Observing animals on the Galapagos Islands supposedly helped Charles Darwin come up with his theory of evolution by natural selection. But none of these animals have fulfilled the evolutionary interpretation Darwinists have placed on them, and recent evidence of a supposedly extinct Galapagos tortoise fills the same bill.
Researchers publishing in Current Biology found tell-tale genetic markers among the tortoise population that a purebred saddleback tortoise variety that was long thought extinct is actually alive somewhere on Volcano Wolf Island of the Galapagos Island chain.1 These creatures had been widely hunted by sailors on passing ships, since “tortoises were handy supplies to keep on board, as they could be stowed in the hull for months—flipped on their backs so they couldn’t escape—without receiving food or water.”2 Galapagos tortoises have been protected for many years now.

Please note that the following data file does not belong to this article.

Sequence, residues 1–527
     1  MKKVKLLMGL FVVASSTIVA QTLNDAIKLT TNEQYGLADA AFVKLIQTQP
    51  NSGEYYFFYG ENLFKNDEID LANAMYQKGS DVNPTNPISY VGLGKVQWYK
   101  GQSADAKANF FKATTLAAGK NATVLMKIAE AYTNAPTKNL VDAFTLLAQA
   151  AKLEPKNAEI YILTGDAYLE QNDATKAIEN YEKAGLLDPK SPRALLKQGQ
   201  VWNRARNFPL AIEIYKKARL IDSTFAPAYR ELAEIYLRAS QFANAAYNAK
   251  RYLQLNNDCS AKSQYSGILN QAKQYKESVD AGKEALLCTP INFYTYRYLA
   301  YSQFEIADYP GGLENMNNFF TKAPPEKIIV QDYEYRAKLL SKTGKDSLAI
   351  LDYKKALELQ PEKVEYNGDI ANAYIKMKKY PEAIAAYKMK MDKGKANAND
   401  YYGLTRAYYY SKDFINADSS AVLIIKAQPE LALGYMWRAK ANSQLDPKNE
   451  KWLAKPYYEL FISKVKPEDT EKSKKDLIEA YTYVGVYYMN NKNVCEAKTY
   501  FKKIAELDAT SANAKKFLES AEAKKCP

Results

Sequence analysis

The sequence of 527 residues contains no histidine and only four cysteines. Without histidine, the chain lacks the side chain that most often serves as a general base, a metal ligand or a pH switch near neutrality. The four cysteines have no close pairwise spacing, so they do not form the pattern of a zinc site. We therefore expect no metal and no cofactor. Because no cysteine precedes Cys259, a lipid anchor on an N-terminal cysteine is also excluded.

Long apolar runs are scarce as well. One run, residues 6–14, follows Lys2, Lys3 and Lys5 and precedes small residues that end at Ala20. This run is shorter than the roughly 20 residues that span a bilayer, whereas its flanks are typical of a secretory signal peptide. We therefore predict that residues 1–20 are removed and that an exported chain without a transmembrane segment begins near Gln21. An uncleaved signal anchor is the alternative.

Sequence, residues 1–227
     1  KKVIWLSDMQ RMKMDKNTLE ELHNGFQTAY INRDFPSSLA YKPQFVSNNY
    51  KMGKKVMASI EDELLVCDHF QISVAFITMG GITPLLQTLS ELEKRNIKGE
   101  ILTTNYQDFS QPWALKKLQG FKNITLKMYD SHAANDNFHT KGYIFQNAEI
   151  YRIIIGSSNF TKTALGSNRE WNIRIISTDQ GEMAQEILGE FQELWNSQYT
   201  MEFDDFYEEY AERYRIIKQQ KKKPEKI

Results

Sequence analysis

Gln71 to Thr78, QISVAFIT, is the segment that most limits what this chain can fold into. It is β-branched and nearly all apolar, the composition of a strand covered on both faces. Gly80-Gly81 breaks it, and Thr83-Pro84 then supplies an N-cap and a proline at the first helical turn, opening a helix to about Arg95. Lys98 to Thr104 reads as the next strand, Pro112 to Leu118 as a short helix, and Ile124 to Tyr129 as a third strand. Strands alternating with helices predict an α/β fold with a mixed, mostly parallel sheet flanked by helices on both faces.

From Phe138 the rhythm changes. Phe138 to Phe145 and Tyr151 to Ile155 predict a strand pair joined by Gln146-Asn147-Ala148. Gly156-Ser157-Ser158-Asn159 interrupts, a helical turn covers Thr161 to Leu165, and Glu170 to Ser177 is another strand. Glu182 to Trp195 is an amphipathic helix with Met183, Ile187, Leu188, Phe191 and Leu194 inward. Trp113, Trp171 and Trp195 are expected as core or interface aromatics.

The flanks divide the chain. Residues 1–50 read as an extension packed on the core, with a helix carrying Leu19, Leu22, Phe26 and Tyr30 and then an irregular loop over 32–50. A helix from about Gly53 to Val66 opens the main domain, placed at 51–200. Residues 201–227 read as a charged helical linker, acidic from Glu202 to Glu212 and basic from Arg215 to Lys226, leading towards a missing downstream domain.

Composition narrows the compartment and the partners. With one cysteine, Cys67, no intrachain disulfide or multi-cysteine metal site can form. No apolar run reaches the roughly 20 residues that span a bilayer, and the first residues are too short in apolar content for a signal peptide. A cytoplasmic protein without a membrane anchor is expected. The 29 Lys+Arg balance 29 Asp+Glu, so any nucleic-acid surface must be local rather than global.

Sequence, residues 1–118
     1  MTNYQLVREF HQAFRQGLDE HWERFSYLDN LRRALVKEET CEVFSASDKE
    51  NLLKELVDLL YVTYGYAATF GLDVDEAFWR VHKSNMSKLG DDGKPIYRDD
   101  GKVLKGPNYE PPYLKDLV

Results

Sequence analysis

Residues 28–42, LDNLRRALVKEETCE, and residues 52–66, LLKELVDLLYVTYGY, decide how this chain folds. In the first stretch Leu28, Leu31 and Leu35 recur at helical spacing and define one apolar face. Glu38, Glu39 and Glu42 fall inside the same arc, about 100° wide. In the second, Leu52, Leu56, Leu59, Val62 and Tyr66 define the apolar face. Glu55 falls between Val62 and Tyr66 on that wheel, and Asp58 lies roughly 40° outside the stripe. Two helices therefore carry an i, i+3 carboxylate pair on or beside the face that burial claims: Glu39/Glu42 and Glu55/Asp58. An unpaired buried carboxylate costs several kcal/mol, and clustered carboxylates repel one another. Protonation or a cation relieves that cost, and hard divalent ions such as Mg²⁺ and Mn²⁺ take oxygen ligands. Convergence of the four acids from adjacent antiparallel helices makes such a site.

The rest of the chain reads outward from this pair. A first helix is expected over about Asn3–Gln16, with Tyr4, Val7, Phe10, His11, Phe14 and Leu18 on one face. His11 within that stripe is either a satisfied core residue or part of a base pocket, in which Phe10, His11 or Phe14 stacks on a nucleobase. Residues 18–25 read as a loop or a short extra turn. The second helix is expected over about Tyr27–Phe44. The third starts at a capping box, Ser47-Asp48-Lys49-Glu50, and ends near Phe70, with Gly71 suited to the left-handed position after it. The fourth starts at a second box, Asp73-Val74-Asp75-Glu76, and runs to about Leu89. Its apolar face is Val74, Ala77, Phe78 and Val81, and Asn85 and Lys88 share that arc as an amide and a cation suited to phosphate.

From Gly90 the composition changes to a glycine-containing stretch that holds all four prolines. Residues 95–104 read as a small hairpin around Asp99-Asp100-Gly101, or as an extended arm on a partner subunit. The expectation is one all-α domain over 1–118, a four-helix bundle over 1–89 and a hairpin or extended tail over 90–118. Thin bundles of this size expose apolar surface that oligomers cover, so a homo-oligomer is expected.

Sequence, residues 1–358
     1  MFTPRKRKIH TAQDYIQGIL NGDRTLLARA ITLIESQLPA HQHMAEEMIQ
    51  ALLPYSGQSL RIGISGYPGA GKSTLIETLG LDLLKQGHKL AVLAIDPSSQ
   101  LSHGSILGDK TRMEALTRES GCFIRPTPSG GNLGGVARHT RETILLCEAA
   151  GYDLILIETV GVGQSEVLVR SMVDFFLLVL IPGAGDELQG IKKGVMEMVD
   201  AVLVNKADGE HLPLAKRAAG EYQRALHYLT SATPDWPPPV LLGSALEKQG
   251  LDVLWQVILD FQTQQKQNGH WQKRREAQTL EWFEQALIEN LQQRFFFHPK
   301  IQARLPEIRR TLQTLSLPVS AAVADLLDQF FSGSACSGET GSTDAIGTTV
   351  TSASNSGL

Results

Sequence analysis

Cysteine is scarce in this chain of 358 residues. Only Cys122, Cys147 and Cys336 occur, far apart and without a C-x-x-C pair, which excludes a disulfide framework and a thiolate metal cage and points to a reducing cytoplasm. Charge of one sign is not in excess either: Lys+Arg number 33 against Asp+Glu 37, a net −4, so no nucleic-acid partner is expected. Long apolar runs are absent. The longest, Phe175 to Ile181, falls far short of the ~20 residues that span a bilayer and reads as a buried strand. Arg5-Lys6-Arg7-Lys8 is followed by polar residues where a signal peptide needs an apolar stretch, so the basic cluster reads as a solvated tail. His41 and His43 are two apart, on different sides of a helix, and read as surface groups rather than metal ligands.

The researchers, led by Yale University biologist Ryan Garrick, discovered hybrid tortoises in 2007 that retained traces of the “extinct” tortoise’s DNA, which they compared to specimens from the nineteenth century. The team’s latest study found more hybrid species, and they concluded that one of the immediate parents of these hybrids was a purebred saddleback.1
Evolutionists and creationists would agree that the original tortoises that colonized each island have since diversified into different forms over the centuries. But the observed shape and size adjustments to the fully formed tortoise body plan do nothing to justify evolution’s broadly sweeping narrative of tortoise origins. The discovery of DNA from a type of tortoise thought to be extinct only shows that the different tortoise “species” that have variously inhabited these island niches are really just varieties of the tortoise kind. The differences between them offer no evidence for the evolutionary conclusions Darwin drew from the Galapagos’ creatures….
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